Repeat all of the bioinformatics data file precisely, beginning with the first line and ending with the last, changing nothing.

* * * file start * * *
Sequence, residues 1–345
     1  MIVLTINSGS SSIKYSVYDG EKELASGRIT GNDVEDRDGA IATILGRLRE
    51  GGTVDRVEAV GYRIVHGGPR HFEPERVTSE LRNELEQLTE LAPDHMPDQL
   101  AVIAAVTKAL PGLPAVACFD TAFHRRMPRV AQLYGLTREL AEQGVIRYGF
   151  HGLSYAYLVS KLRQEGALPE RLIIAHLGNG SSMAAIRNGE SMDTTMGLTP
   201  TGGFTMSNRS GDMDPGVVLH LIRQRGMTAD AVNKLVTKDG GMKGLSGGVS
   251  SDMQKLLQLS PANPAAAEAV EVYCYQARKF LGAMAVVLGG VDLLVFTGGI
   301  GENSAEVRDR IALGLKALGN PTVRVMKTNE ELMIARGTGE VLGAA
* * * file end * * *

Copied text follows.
Sequence, residues 1–345
     1  MIVLTINSGS SSIKYSVYDG EKELASGRIT GNDVEDRDGA IATILGRLRE
    51  GGTVDRVEAV GYRIVHGGPR HFEPERVTSE LRNELEQLTE LAPDHMPDQL
   101  AVIAAVTKAL PGLPAVACFD TAFHRRMPRV AQLYGLTREL AEQGVIRYGF
   151  HGLSYAYLVS KLRQEGALPE RLIIAHLGNG SSMAAIRNGE SMDTTMGLTP
   201  TGGFTMSNRS GDMDPGVVLH LIRQRGMTAD AVNKLVTKDG GMKGLSGGVS
   251  SDMQKLLQLS PANPAAAEAV EVYCYQARKF LGAMAVVLGG VDLLVFTGGI
   301  GENSAEVRDR IALGLKALGN PTVRVMKTNE ELMIARGTGE VLGAA